Monday, November 20, 2000,
Chandigarh, India



The charm of Chandigarh

DURING my long association of almost 40 years with the Indian Navy, I had great craze to see the composite culture of Chandigarh, often called the city of dignity and destiny. But the railway route to my home-town in Hamirpur was away from the course that could have passed through the charm of the capital of Punjab and Haryana.

However, when I am in the evening of my life, my naughty nephew, Rajinder Rana, practically kidnapped me from my house in his car and carried to his kothi in Chandigarh, to my long-desired destination.

What I saw during my short stay there surprised me. The city is full of wonders with everyone so disciplined in his day-to-day life. The people of all shades of life from all corners of the country live and look for a fabulous future. The roads that run through the various sectors are splendidly shaped and have glitter and grace making everyone proud of the man who designed this beautiful city.

The traffic police is seen on all corners to control the moving cars with the occupants with body belts to protect them from serious injuries should any mishap take place.


What charmed me most is the composite culture of this great city to which people from various states have made a mini India. The contributions made by the people of the soldiers’ state of Himachal settled here are marvellous in many ways. They have given to this town the best of engineers, lawyers, property dealers, doctors and journalists.

At Panchkula, I met an old colleague of mine, Mr M.S. Kanwar, a retired Naval Captain, whose complaint was that most of the Army officers were unaware of the rank of Naval Captain whose status is of full Colonel in the Army. There are two common cases I found. One was that most of the people preferred Nepali boys as their domestic servants, and they appeared to be smarter than their masters. Secondly, the people prefer The Tribune as their dearest daily.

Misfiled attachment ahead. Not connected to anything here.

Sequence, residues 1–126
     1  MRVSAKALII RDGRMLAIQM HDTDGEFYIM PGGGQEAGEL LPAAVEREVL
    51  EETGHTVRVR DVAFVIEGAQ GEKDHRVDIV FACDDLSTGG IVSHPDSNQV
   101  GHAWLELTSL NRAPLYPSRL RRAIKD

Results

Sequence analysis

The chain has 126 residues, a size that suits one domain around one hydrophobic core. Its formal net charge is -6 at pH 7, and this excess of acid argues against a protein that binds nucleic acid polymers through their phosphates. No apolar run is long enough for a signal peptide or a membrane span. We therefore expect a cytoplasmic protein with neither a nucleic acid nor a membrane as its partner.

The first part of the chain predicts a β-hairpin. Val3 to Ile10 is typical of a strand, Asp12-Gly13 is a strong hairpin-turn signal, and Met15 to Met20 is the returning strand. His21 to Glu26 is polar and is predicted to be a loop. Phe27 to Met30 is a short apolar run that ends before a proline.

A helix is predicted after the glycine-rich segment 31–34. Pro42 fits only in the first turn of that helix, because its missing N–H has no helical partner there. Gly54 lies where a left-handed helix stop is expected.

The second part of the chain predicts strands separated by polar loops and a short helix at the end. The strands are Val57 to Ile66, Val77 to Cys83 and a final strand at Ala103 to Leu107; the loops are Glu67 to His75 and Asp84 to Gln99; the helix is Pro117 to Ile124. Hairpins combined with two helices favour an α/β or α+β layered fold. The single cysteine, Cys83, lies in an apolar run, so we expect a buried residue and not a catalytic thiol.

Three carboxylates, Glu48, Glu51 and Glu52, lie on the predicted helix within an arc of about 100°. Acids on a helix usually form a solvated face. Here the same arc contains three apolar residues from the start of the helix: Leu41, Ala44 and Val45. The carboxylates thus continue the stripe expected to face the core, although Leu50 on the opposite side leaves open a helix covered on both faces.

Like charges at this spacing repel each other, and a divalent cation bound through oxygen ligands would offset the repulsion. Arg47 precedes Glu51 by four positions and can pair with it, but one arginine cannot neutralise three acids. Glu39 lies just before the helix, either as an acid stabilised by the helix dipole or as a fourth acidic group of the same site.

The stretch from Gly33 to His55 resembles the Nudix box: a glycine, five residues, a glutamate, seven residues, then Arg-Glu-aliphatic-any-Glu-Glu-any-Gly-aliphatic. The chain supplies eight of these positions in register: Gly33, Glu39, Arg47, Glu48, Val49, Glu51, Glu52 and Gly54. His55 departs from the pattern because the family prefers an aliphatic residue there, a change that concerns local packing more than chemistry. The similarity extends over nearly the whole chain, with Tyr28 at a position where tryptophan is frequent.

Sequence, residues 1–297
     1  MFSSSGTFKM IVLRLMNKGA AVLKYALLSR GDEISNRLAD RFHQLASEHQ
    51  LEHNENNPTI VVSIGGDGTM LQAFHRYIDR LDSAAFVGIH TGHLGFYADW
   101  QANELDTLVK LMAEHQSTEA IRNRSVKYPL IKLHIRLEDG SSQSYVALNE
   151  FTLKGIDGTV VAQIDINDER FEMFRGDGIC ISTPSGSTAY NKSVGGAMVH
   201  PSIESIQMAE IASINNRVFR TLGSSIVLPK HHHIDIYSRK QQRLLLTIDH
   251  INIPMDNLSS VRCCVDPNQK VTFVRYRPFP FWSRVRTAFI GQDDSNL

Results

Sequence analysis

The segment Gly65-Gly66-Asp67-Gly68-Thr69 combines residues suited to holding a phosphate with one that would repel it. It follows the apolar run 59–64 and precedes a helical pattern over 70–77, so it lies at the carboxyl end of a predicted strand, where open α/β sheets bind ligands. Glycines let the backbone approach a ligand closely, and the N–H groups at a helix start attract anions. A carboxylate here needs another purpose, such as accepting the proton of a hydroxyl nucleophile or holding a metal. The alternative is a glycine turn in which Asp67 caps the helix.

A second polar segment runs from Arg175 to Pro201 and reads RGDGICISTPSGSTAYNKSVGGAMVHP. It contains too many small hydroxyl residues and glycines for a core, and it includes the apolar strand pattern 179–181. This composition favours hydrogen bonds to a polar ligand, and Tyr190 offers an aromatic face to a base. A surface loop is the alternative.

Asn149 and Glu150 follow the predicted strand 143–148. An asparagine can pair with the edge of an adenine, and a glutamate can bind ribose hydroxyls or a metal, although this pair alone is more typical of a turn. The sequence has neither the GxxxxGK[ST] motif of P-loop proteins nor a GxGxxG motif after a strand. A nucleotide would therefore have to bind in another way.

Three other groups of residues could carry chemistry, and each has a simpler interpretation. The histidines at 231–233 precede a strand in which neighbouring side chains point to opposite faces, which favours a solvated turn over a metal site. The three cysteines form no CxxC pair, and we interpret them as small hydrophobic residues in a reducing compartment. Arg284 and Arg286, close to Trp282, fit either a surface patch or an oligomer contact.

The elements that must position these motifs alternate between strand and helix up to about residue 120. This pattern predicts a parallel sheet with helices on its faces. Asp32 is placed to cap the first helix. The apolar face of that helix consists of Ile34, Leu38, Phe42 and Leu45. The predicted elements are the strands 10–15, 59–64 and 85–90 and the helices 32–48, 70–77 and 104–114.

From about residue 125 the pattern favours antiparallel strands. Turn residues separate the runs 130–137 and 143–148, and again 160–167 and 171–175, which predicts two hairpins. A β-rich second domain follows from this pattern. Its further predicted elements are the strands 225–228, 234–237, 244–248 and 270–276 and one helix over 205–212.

Away from the hills of Himachal for three days, I prepared myself for the return journey but my nephew urged me to spend some more days with him to see the rest of the city. I was about to surrender to his wish when suddenly I was reminded of an Urdu verse written by a great 19th century poet, Zauq. The poet’s friends in the Deccan area asked him to come there as his verses would receive great appreciation from the people. The poet had replied:

In dino garcheh Deccan mein hai badi qadre sukhan,

Kaon jaaye Zauq par Dilli ki galiyan chhor kar

The villages are better than the crowded cities. Through Chandigarh is full of facilities, the climate in the villages is better. My nephew saw me off at the bus stand with a heavy heart and himself drove to the queen of hills, Shimla, to enjoy the cold climate. Let us salute the man who designed this great disciplined city, carrying charm and cheerfulness on the face of the people living there.

Jalari-Hamirpur (HP)


Freedom of Information Bill

The Freedom of Information Bill 2000 was introduced in Parliament on July 24. However, it could not be pushed through due to lack of resolute will to do so.

It is essential that government policies and programmes are made transparent and the people are able to exercise their right to information. Accountability on the part of those who matter may be obligatory so that people may ask and seek clarifications on certain matters.

The Bill should contain a clause that there would be an independent forum to file an appeal against refusal of certain information. It should also define certain penalties to be imposed, where the information is withheld without cogent, convincing and lawful reasons.

New Delhi


The dead count

THE American drama entitled “Who nit” now drawing packed houses all over the globe has generated a lot of side humour. Perhaps, more humorous is the Senate election in Missouri in the same country where a dead man was declared elected! In this context, readers of The Tribune might find the following poem of great contemporary relevance. It was penned by no less a person than President Jimmy Carter, 1976-1980:

Dead Voter

As a legislator in my state

I drew up my first law to say

that citizens could never vote again

after they had passed away.

My fellow members faced the troubling issue

bravely, locked in hard debate whether,

after someone’s death had come,

three years should be adequate

to let the family, recollecting him

determine how a loved one may

have cast a vote if he had only lived

to see the later voting day.

My own neighbours warned me I had gone

too far in changing what we’d always done.

I lost the next campaign, and failed to carry

a single precinct with a cemetery.

(Always a Reckoning and other poems by President Jimmy Carter).

S.A.S. Nagar

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